CATHEDRAL CITY, Calif. – Nineteen times in three days the mobilization began. Each time it started with a supervisor calling on a handheld radio to a group of volunteer security guards. “She’s on deck,” he said, and with that, five or six men and women walked over to and positioned themselves beyond the outfield fence.
Their mission was to retrieve a softball, if it approached them. The ball, if hit, would come off the stick of Oklahoma senior Jocelyn Alo, and it would be the 96th home run of his career, breaking the NCAA record.
Dennis Baker, a Long Beach softball dad who took the task more seriously than others, held up a yellow game ball and said it would be traded to the fan who finished with the home run ball and later signed by Alo, providing the ball – the chasers did not arrive first.
“Beyond that, we bribe them with a T-shirt and a hat,” he laughed. “I think people will do the right thing.”
Before Alo’s first game against Cal State Fullerton in the 27-team Mary Nutter Collegiate Classic on Friday afternoon, Baker gathered a few of his chasers for a brief tutorial. He told them to read the location of the pitch to get a better idea of the ball’s trajectory, should it be touched. “If they throw it out, move to right field,” he said. “If they enter, shadow left.” When I asked him if he expected scouting to be part of his weekend duties, he replied, “It’s just basic stuff.”
Mark Abercrombie, a local softball dad who runs a mobile home park in Palm Springs, walked away from his scouting session and said, “I’m not that strategic. I’m just going to run hard.”
At the time, before the start of No. 1-ranked, undefeated Oklahoma’s five-game weekend, the idea that Alo would leave Sunday without the record seemed laughable. The 200-foot fences of the resort’s fake Wrigley Field (complete with a wall painted with the fake fans, fake brick and fake clock) seemed like an affront to her. Even given the expected reluctance of opposing pitchers to attach themselves to Alo’s record-breaking home run, it seemed inevitable that a pitch would flow far enough across the plate and big enough for it to go over the fence.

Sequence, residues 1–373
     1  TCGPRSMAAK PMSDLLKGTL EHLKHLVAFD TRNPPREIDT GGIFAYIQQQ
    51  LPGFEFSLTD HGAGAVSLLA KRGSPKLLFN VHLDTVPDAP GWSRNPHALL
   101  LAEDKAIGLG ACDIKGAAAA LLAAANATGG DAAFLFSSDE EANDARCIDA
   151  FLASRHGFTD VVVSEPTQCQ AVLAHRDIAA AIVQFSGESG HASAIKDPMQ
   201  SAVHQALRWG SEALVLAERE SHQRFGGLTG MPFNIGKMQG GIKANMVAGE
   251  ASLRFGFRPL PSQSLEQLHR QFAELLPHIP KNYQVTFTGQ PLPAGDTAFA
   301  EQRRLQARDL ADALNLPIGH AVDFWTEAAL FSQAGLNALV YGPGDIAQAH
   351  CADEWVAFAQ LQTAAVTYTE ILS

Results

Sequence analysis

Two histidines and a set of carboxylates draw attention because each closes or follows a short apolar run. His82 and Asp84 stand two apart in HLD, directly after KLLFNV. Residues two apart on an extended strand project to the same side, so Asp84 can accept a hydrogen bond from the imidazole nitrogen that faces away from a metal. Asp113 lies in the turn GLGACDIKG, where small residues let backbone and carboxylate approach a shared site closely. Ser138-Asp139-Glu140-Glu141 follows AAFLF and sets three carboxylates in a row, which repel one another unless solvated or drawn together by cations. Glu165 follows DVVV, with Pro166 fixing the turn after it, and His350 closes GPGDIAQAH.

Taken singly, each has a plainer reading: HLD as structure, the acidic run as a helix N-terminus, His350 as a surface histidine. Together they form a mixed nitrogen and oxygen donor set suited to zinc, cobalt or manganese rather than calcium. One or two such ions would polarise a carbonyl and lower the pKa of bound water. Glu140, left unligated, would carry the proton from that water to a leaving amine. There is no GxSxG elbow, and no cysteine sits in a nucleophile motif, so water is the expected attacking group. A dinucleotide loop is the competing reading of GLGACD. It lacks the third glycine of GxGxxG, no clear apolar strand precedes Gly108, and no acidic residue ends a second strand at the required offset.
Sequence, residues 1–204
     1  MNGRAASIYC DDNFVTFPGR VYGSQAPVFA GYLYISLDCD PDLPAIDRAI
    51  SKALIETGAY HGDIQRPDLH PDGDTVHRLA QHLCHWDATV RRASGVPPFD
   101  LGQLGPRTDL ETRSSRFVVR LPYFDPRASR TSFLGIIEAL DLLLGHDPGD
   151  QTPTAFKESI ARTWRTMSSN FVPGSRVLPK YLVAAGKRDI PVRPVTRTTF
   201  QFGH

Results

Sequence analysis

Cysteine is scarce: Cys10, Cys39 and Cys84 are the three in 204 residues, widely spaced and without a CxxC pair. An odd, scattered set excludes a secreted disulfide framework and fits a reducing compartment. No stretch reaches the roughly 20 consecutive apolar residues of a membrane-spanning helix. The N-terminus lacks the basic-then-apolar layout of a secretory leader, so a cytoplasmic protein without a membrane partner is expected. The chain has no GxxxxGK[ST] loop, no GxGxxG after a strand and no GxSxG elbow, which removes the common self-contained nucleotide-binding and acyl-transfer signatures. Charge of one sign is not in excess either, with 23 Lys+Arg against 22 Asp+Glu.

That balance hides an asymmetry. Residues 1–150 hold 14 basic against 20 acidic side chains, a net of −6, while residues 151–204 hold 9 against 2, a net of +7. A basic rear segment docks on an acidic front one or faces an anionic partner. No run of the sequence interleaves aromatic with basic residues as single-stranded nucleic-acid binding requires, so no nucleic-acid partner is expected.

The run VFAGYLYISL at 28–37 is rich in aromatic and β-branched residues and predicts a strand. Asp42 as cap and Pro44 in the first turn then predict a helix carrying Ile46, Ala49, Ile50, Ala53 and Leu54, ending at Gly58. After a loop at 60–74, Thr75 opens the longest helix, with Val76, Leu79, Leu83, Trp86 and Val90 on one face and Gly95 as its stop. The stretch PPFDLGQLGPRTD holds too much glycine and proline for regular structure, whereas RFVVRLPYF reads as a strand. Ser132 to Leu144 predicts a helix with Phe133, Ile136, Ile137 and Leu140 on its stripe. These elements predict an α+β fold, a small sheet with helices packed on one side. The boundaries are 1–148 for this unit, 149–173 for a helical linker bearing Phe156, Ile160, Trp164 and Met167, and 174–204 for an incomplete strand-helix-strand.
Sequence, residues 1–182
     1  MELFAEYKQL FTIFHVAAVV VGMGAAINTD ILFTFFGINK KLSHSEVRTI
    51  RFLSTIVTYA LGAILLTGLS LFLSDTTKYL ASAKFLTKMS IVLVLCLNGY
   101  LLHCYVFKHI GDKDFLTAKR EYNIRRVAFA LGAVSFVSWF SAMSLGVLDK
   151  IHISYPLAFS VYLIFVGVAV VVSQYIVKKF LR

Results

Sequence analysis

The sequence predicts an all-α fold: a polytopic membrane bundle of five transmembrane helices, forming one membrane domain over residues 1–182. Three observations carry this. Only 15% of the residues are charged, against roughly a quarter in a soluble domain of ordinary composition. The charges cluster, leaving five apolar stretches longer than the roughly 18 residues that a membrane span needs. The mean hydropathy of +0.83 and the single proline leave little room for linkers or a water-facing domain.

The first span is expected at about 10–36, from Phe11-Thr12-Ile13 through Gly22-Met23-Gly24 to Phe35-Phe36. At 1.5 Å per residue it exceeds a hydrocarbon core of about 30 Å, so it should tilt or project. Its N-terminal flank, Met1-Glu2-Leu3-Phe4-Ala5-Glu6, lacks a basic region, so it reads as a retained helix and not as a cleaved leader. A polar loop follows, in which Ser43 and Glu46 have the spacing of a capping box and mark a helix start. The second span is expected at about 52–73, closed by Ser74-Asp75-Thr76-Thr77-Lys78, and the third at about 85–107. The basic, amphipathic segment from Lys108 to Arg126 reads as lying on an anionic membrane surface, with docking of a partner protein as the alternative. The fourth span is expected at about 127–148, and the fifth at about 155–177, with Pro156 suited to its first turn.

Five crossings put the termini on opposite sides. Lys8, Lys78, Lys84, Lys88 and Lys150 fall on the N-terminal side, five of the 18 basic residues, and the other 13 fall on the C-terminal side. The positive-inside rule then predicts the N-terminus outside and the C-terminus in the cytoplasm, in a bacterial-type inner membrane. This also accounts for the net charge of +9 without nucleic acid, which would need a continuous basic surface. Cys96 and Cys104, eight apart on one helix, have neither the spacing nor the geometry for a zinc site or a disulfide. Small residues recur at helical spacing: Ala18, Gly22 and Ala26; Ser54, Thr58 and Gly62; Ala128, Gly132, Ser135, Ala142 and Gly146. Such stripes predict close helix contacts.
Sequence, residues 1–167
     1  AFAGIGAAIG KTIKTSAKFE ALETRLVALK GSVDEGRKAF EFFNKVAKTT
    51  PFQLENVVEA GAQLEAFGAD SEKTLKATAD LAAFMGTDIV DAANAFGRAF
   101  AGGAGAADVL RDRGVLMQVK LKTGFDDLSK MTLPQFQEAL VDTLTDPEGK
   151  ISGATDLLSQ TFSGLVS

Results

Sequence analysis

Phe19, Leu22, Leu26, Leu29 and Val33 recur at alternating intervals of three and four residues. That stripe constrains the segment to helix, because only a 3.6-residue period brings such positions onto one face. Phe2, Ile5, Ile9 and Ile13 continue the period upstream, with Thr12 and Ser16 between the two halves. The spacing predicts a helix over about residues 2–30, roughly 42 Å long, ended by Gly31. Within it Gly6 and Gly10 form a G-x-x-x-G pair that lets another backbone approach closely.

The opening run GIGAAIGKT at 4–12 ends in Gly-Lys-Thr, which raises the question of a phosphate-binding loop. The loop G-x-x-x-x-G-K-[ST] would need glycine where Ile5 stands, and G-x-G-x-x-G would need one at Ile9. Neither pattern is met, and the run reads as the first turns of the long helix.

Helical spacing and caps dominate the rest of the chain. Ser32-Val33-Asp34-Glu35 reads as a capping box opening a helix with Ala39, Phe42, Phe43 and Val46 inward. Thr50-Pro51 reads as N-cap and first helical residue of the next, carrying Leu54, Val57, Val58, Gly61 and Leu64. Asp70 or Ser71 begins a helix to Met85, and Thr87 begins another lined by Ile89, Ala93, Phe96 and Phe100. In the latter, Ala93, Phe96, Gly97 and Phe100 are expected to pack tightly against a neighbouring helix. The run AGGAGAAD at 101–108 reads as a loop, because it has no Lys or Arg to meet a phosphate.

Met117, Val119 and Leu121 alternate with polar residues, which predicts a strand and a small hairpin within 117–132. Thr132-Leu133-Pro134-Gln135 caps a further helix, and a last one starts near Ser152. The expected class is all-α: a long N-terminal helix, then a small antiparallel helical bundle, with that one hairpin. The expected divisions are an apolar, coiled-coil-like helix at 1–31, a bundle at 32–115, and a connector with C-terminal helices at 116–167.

But, as many have learned over five games and many, many hours, never underestimate the power of Alo. From Cal Fullerton State and Long Beach State on Friday to Arizona and Tennessee on Saturday to Utah on Sunday, pitchers and their coaches have been script-resistant. Every time Alo came to home plate, chasers slacked off, camera phones were lifted from all corners of the park, and pitches navigated just badly enough — or well enough, depending on the perspective — for the prevent from No. 96.
Oklahoma won all five games and Alo’s weekend was a fever dream of advanced metrics: 3 for 8 with 10 walks, one touchdown per throw and about 1,200 fouls. The .737 on-base percentage over five games would be remarkable for just about anyone but her. The only way it could be seen as a failure is by someone who was there just to see her break the record. (Guilty.)
In each of those 19 plate appearances, Alo showed no tension. She reached second, third and – in the final game – first game, and none of it proved tempting enough to invoke a challenge. She rarely got out of the box and walked around because it was the right play, even though no one from the thousands in attendance was there to see her throw her forearm and run for first base. His team hit 15 home runs in five games, so the strategy of not getting beat by Alo meant they were being beaten by someone else.